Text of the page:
It’s time to put an end to inverted racism and treat everybody fairly. This requires effort from both communities, we should be charitable to newcomers but they must assimilate into British society by speaking English and respecting our laws and traditions. The twisted white liberals who brought about this mess should face the fact that most people prefer their own kind; not because they are ‘racists’ but because it’s human nature to put your own family first; as Napoleon Bonaparte said: “If I were black I would be for the blacks; being white I am for the whites.”

All of the political parties are now agreed on the need to limit Third World immigration. Even the self-hating Labour Party now accepts that our little islands are full up. We must stop all further non-European immigration, send back illegal immigrants and convicted criminals and help those who want to go home. But law-abiding immigrants who have successfully settled here must have the same rights and responsibilities as the rest of us.

The Equality and Human Rights Commission is a state-sponsored organisation run by immigrants for their own benefit. At a time when we are laying-off policemen and schoolteachers it’s a criminal waste of money that should not be tolerated. Let’s sack the lot of them and rely on commonsense when dealing with minorities. Trevor Phillips and his team of overpaid meddlers should be trained to do something useful instead of persecuting people who do not conform to ‘political correctness.’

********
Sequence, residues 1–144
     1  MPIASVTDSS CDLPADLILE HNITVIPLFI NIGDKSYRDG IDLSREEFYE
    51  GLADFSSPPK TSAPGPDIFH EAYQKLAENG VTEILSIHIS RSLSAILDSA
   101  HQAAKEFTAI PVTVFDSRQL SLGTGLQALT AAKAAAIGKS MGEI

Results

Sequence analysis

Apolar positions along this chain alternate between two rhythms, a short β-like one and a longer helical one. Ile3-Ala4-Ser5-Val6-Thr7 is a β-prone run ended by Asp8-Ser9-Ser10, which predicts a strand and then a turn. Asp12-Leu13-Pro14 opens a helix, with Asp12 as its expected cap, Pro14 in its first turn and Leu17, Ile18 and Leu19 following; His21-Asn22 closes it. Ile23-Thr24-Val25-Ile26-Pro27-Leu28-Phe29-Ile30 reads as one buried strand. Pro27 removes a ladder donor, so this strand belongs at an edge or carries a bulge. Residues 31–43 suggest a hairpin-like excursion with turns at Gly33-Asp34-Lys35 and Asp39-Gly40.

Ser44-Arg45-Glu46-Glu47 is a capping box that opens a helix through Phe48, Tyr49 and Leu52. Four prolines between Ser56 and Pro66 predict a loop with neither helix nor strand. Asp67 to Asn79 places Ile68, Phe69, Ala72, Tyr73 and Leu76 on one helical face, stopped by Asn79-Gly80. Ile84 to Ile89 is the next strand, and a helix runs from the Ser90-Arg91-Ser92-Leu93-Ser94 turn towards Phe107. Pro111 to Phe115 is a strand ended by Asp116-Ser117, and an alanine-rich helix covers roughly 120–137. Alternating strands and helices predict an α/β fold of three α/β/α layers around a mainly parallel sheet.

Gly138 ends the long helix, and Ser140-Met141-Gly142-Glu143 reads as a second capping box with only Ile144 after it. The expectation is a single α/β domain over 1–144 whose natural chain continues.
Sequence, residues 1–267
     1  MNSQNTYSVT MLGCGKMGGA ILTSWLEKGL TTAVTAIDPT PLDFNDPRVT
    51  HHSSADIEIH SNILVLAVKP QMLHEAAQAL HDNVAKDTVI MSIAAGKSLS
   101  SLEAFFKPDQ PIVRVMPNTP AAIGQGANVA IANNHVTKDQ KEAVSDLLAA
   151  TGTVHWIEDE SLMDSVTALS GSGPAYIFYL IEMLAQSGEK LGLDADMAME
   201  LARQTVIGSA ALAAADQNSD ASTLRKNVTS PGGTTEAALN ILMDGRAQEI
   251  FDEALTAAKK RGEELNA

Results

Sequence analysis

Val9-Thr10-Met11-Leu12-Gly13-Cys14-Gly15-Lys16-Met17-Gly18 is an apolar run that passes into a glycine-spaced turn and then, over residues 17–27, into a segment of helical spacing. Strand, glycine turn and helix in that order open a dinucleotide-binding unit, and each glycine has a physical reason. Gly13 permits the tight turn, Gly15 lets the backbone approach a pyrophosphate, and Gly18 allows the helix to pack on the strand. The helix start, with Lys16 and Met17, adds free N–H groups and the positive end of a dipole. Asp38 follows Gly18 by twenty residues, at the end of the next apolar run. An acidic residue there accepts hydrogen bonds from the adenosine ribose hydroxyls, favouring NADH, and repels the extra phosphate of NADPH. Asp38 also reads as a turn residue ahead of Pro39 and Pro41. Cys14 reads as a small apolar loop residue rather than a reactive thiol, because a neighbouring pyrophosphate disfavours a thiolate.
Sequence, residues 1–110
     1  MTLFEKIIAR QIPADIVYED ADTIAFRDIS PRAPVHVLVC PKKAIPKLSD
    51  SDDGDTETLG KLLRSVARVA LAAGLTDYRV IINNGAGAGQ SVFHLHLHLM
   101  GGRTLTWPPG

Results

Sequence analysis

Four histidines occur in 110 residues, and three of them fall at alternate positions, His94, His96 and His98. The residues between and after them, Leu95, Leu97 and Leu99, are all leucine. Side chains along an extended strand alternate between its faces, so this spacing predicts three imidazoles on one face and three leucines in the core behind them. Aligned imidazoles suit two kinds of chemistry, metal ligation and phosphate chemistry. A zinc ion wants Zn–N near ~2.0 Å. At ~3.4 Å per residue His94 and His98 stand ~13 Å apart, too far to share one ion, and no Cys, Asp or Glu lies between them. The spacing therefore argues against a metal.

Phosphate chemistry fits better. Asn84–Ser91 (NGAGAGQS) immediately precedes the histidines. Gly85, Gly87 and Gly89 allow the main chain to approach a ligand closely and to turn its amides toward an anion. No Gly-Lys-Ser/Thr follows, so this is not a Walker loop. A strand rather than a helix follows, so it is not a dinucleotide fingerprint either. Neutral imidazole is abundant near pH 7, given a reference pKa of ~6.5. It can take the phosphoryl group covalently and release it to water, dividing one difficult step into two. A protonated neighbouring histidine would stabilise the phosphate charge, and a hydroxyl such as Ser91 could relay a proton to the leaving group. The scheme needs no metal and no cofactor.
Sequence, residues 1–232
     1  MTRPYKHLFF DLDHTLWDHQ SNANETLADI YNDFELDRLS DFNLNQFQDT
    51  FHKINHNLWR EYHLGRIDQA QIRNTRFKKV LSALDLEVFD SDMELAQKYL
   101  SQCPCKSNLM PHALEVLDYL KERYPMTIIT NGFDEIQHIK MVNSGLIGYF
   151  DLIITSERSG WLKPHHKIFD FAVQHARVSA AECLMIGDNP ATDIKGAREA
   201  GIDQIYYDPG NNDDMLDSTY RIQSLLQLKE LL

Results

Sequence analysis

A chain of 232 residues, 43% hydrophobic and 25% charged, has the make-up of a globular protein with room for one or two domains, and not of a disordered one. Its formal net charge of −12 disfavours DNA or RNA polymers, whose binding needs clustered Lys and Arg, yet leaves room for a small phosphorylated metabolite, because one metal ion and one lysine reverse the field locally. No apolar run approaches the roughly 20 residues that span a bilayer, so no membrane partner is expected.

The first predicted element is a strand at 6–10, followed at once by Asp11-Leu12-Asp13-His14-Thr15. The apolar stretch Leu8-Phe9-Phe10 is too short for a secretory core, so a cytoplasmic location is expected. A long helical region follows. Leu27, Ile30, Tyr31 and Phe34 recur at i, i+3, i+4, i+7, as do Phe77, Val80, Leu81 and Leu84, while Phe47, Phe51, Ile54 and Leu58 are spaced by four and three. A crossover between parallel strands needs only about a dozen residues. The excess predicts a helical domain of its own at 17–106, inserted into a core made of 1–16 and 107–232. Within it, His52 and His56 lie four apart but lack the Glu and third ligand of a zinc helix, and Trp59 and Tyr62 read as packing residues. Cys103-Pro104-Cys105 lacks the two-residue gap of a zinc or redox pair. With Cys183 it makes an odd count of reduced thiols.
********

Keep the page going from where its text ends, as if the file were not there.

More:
This is not the Thirties
The latest figures show that we are still in recession, inflation is rising and some families are having a tough time. Fortunately social security is available and we don’t have soup kitchens feeding the hungry or wretched columns of unemployed men marching on London. Things could be better but Britain still has the world’s sixth largest economy worth £250 billion per annum. And we are the third largest economy in Europe after Germany and France.

In the Thirties state handouts were strictly means-tested. The majority of men worked in manufacturing industry but many married women stayed at home. Mines, shipyards, dockyards and factories employed thousands of people. In Coventry, Dagenham and Luton almost the entire population made cars, trucks, motorcycles and bicycles. In South Wales and Yorkshire coalmining predominated. In Belfast and Glasgow it was shipbuilding and in the North East it was steel making. When these industries slowed down their employees and their dependants suffered real hardship.